Uncritical Self-Criticism, Or a Teachable Moment


navel gazing

I posted about a flop show from the ’60s below, and an anonymous (but not particularly shy) commenter wrote:

Oh look…another uncommented post by Jaime Weinman, the most uncritical television critic in the entire World. What crap are you flogging this time, Jaime? A failed spin-off?

Now, the presence or absence of lots of comments on a post doesn’t, in and of itself, tell you how interesting or uninteresting it is. Bill Brioux has a very fine TV blog and he doesn’t get nearly enough comments on his posts.  And I almost appreciate the “most uncritical” tag because I was worried I was being too critical in some of my most recent posts.

But the commenter raises a legitimate point, or I think he does. I don’t agree with the point he makes, but I wanted to bring it up. There is a point at which writing about a crappy show, or crappy anything, comes off as almost an endorsement. If I write at length about a bad show, and talk about in terms of what it says about the culture of the time and the influence of certain shows and even mention some good things about it (i.e. The Girl From U.N.C.L.E. was a poor show but the lead role was well-cast), then after a point it seems like I’m legitimizing the bad stuff, or at least implying that a show doesn’t need to be good to be of interest. There’s a reason why critics normally write much more about good stuff than bad stuff: because all bad things are alike, and there’s not much to say about them other than that they’re bad.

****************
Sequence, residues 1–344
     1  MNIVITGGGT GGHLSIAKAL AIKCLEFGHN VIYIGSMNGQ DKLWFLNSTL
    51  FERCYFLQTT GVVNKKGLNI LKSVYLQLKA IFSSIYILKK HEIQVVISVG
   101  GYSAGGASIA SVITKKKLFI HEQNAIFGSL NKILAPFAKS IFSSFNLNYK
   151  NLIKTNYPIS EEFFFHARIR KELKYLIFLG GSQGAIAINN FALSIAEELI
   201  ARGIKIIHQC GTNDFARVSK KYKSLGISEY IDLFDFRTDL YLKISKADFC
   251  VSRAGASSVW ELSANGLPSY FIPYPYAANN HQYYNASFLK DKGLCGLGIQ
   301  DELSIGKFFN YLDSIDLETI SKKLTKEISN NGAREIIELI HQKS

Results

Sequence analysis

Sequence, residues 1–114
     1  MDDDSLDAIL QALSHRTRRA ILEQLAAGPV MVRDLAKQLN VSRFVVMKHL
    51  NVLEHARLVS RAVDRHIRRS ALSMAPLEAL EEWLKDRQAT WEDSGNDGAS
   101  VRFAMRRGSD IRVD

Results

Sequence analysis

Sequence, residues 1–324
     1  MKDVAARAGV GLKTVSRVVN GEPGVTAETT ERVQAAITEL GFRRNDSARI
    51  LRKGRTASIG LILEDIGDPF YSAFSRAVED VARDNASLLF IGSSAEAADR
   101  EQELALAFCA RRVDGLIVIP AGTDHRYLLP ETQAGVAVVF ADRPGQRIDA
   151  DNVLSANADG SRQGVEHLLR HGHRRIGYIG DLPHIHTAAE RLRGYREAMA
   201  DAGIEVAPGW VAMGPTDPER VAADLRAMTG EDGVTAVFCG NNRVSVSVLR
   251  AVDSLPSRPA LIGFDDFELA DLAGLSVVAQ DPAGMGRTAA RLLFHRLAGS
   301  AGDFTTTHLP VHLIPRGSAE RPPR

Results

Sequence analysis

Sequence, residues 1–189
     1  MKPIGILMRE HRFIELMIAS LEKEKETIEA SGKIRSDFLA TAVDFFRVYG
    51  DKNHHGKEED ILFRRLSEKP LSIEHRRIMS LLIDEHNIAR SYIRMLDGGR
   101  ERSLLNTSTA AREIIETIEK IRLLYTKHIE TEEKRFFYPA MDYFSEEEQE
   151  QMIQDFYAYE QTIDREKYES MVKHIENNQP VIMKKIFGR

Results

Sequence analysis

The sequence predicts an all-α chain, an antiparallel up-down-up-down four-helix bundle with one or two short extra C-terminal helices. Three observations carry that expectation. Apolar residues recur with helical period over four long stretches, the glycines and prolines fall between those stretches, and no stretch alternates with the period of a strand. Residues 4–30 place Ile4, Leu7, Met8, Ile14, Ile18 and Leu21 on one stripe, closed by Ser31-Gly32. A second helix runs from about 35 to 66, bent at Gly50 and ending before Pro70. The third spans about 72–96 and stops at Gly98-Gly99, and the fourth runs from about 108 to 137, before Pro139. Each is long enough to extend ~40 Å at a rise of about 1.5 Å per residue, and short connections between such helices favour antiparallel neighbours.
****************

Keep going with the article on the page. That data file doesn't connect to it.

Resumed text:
Also, over-interest in flops, kitsch, bad shows, can create a pattern by which, perversely, the writer seems to be more hostile to quality shows that don’t quite work than to out-and-out rotten shows. A pattern I detect in my posts is that I can get very critical when talking about shows that don’t live up to their pretensions, like Hung, which wants to say something big about our society but doesn’t, or Family Guy, which mistakenly thinks it’s being transgressive. Whereas a show with nothing going for it, like Criminal Minds, gets off scot-free because I don’t find it interesting enough to rant about. And bad shows from the past are just historical artifacts, and I spend more time looking at them in historical context or firing off trivia about them than in chastising them for their badness.